Friday, August 30, 2013


Scientific research can be funny some times if the objectives and purpose of the efforts by the scientists are carefully looked into. Scientists engaged in research to get a degree can be pardoned to some extent if they take up academic topics with very little relevance to the citizens and after all such work is intended more to train them in carrying out the studies methodically, truthfully and scientifically. There are millions of scientists engaged in food research in public institutions and universities though most of their out put is of very little relevance to the common man. In contrast private sector research produces innumerable patents and workable knowledge based innovations with very high application potential through technologization. Here is a typical piece of investigation from an American university which claims that the high value tea and wines can be used for making antibacterial materials for coating food contact surfaces. Readers may come to their own conclusions after perusing the below referred article.

"Researchers at Northwestern University have discovered new ways of utilizing the properties of naturally occurring polyphenols found in green tea, red wine and dark chocolate. Dissolving polyphenol powders in water with a small amount of salt instantly produces transparent coatings that kill bacteria on contact, have antioxidant qualities and are non-toxic. The sticky nature of polyphenols and the low cost of materials could open the door to a wide range of uses for these coatings. Apparently the coatings can stick to virtually any surface, even Teflon, and are only 20 to 100 nanometers thick, potentially making them ideal for use in a whole range products. "We discovered a way to apply coatings onto a variety of surfaces that takes advantage of the sticky properties of the polyphenol compounds," said Phillip B. Messersmith, Professor of Biomedical Engineering, who led the research. "It's a very simple dip-coating process, and the antibacterial and antioxidant properties are preserved in the coating. One could take a stainless-steel hip implant apply the process to it, and the coating that emerges spontaneously and with no other modifications will kill bacteria and quench reactive oxygen species, such as free radicals."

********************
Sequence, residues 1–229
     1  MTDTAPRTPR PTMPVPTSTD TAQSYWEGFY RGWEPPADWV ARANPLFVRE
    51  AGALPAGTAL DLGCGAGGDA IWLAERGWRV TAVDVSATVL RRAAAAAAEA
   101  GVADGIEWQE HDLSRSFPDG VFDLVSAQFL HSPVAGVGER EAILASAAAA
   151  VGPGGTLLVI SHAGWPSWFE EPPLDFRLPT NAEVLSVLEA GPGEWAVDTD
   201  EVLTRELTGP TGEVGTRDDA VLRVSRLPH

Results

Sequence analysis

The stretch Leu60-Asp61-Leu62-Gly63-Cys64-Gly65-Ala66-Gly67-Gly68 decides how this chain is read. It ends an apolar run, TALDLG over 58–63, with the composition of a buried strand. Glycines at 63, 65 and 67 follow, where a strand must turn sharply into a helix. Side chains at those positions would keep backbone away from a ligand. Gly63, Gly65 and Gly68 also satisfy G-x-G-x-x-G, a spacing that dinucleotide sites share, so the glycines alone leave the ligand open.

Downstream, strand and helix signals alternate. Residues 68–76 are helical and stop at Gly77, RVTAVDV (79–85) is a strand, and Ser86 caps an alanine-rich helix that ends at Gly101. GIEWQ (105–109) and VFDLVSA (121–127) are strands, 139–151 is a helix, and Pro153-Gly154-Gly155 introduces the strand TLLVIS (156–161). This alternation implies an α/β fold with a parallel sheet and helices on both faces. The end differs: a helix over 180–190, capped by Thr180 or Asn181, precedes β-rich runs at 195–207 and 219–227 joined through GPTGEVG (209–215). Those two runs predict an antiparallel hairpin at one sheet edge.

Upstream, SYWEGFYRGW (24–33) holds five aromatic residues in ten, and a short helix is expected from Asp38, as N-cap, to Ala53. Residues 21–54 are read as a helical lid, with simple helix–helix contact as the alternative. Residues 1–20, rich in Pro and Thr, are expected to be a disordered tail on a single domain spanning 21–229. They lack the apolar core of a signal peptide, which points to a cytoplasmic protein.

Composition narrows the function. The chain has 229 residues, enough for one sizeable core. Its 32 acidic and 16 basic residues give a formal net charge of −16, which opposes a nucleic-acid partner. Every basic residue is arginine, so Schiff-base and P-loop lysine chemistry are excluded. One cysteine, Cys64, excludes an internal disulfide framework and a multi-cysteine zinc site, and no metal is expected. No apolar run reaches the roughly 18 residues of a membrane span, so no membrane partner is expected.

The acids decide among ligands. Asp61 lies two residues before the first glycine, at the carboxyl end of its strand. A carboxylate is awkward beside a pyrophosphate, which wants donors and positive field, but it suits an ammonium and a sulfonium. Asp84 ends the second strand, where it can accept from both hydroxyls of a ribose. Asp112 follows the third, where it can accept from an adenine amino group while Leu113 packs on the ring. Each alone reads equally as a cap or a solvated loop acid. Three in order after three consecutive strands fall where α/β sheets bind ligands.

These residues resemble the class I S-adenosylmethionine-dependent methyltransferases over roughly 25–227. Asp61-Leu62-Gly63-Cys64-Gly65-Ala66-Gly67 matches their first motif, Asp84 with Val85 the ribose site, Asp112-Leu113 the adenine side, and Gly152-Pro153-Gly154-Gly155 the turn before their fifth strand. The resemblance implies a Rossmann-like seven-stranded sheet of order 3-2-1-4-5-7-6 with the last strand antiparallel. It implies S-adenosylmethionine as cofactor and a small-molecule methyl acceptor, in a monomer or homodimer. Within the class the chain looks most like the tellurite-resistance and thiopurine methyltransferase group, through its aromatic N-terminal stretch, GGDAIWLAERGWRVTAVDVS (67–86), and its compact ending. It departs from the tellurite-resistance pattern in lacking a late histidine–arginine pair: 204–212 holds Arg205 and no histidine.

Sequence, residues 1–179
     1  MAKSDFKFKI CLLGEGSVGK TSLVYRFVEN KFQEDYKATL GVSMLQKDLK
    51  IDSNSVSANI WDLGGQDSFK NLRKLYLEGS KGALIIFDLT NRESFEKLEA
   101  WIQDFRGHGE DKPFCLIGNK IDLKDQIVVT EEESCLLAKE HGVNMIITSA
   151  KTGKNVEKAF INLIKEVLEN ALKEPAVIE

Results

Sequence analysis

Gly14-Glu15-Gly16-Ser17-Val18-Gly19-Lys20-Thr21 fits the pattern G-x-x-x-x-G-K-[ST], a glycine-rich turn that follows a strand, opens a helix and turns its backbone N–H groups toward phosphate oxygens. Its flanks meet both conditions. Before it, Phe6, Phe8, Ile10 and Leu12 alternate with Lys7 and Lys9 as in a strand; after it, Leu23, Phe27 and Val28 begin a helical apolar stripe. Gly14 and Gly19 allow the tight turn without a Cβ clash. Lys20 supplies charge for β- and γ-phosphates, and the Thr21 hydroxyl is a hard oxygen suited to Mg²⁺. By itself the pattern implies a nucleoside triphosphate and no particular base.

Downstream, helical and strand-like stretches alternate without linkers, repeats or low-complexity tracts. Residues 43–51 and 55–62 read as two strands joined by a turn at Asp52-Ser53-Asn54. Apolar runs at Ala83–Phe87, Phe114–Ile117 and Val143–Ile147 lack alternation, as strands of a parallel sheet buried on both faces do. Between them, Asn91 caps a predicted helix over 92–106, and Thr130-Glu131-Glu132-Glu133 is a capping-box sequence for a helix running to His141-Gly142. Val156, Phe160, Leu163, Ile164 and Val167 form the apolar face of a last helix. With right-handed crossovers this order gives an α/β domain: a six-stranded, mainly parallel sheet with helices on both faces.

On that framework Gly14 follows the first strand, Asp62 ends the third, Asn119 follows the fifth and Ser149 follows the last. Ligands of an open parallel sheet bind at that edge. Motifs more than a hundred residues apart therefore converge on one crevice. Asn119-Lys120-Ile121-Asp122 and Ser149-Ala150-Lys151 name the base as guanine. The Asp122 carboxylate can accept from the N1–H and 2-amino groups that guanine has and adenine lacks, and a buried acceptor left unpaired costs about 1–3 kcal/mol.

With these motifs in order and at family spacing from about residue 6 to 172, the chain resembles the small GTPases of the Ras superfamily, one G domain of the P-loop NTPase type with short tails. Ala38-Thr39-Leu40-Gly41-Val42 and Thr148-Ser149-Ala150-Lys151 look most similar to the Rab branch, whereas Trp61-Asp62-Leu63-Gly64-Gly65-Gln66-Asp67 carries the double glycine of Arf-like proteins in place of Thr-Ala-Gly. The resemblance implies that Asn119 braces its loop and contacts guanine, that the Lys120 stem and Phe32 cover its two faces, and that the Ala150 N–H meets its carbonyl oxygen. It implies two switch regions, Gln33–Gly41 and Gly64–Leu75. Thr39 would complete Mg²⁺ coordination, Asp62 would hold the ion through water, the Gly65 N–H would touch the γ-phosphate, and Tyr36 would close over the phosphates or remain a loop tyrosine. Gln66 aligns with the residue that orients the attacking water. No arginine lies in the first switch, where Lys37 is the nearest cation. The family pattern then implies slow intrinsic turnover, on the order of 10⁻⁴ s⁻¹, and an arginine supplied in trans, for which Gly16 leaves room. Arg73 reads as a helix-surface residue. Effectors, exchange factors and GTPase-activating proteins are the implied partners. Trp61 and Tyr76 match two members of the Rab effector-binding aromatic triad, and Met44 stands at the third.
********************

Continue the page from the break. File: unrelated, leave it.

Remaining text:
The results if commercially exploited may have a chance for use in high value applications like coating of biomedical parts for implantation in human body. However to expect that it will find application in food industry as an antibacterial coating may be far fetched. After all tea as well as red wines are food materials that cannot be diverted for non food applications without disturbing the market equilibrium. Probably many non food antioxidants available in plenty in nature could be a better and more appropriate source material for preparing the antibacterial solution. The suggestion that such poly phenols in salt solution can be a good antioxidant product for human consumption is untenable because salt is a substance not recommended for consumption in high quantities because of its role in disease like CVD, kidney malfunction and blood pressure. Nonetheless from the scientific curiosity angle this is a good discovery with some future potential. 


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